Tuesday, January 5, 2016
By BARRY MILLMAN
Hall of Fame voting results for the Internet Baseball Writers Association of America to which I belong will be announced Wednesday; and in the interests of transparency and absent any ballgames to watch or deals to write about (and probably also to tweak a select group of judgmental folks a wee bit) I present here my ballot.
Rather than make a point-by-point case for each of the choices I've made -- an approach that's been pounded into dust by many baseball writers far more meticulous than me and still didn't save them from a thrashing -- I'll just preface my ballot with three FYIs that hopefully will explain the names that follow. Please read them first, and then you can raise your Louisville Slugger in righteous indignation and beat me like a pinata with a clear conscience. You may not agree with me but, hey, I still believe MLB's pace-of-game rules were just a plot to curtail between-inning bathroom breaks and save wear and tear on stadium plumbing. So I'm used to being on the minority side of great debates.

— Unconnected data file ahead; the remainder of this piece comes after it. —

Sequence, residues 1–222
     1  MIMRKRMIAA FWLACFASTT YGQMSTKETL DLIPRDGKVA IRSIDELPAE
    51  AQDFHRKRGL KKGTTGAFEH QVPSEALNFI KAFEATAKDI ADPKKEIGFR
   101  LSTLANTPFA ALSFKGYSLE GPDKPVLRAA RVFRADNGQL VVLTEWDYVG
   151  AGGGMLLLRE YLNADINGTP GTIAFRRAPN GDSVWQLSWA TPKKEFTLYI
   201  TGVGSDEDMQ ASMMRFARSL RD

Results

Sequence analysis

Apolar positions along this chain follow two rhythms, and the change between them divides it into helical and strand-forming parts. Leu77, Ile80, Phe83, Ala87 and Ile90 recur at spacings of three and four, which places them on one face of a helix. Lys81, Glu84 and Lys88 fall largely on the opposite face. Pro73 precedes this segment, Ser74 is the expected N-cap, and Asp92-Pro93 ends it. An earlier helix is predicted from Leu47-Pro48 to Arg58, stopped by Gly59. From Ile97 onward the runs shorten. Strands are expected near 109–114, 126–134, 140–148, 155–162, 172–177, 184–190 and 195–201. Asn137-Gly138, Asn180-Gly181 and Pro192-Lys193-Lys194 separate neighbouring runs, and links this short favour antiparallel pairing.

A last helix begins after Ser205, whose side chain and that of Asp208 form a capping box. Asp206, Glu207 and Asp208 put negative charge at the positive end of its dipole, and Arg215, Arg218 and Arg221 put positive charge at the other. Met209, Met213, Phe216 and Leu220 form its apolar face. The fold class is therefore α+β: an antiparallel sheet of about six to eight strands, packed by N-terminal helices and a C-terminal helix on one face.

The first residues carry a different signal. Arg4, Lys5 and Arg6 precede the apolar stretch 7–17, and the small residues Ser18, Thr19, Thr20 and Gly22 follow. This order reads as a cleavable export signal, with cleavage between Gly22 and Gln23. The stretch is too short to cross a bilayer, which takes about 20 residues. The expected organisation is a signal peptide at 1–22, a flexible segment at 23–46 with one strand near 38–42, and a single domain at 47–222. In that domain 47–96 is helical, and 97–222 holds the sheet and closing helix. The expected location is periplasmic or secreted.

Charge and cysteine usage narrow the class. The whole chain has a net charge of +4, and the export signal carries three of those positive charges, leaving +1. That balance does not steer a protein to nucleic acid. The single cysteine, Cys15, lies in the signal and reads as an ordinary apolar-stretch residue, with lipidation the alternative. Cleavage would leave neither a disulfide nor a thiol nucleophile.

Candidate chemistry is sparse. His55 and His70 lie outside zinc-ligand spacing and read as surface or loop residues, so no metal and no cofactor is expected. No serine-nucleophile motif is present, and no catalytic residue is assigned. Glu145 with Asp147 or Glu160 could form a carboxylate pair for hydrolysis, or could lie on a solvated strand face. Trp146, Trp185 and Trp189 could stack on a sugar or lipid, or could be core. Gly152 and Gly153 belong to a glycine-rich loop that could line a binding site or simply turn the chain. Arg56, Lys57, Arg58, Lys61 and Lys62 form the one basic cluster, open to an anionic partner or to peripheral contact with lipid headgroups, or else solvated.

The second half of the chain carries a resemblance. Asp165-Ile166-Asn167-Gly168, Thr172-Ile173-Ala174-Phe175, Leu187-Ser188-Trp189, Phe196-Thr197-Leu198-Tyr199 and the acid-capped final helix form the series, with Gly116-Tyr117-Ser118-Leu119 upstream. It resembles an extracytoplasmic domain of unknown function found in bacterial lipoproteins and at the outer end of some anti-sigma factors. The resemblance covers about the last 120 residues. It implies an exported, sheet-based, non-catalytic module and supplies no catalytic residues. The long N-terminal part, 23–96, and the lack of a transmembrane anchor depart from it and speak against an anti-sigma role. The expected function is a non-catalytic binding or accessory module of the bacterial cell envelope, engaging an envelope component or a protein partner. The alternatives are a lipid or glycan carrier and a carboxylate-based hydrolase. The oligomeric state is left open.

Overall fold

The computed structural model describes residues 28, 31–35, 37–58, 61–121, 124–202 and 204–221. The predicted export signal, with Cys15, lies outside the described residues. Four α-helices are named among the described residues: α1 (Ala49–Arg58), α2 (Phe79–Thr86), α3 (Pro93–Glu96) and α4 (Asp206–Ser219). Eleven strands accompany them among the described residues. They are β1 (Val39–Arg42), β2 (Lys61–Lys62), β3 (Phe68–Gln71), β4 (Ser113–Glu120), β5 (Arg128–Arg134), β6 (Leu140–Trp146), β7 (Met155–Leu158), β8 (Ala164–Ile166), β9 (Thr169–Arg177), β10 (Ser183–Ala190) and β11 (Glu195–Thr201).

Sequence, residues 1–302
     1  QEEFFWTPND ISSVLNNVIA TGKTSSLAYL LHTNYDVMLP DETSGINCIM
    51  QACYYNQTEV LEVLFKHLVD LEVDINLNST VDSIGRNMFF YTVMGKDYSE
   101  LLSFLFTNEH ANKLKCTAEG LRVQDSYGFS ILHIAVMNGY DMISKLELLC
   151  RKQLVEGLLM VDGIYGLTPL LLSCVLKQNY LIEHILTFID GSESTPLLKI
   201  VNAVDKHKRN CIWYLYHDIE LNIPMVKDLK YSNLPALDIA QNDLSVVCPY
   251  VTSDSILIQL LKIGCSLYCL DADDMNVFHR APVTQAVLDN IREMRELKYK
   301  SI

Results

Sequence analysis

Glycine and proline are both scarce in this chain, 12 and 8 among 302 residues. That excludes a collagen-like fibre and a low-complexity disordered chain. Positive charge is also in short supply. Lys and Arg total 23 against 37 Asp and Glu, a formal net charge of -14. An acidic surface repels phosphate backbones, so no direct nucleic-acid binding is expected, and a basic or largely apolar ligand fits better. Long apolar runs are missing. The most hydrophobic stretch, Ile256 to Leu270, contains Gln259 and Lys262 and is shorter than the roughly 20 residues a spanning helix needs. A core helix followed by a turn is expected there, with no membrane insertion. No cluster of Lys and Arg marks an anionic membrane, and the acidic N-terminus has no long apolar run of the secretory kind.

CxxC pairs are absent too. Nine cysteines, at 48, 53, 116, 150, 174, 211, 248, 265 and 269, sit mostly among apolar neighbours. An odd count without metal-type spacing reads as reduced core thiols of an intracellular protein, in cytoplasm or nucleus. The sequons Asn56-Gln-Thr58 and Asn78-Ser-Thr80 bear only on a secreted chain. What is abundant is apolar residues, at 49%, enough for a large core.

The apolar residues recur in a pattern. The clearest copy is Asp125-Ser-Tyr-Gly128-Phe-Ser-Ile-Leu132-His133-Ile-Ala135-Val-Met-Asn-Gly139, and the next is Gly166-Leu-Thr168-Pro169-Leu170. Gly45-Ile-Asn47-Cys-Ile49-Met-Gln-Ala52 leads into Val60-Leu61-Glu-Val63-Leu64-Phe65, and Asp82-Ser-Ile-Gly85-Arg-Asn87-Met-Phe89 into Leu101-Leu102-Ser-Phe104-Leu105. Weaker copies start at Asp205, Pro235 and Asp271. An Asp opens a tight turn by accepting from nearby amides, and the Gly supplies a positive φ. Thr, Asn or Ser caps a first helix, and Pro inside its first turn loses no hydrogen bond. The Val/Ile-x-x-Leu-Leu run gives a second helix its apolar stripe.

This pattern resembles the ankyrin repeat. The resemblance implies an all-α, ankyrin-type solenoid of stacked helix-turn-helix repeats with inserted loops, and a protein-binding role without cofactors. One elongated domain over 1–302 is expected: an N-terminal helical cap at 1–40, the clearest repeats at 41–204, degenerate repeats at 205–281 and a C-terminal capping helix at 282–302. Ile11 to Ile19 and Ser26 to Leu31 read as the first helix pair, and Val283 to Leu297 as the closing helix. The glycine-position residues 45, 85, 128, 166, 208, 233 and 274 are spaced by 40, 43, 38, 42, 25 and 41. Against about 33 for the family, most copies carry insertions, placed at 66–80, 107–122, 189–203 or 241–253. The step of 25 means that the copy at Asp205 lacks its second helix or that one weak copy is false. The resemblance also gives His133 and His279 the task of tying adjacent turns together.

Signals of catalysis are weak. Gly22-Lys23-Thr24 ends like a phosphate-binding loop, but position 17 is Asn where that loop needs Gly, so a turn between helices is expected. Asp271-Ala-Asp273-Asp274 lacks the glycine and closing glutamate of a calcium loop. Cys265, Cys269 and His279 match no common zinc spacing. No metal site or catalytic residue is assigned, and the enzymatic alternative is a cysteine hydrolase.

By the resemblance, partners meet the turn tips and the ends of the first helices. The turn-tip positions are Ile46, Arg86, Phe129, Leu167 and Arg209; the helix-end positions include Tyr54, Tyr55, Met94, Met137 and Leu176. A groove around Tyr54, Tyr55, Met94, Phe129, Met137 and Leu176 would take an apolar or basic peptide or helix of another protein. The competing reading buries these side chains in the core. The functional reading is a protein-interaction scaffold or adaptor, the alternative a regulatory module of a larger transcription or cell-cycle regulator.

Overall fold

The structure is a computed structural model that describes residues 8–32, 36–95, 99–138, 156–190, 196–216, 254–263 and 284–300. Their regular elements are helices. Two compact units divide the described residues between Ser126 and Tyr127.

First FYI: Be advised Jeff Bagwell, Mike Piazza and Tim Raines are prior inductees by the IBWAA and therefore no longer needlessly languish on our ballot like they have been on the Baseball Writers Assocation of America ballot awaiting their rightful places in Cooperstown; creating excuses for blocking still other worthy players. So when you don't see them here, that's why.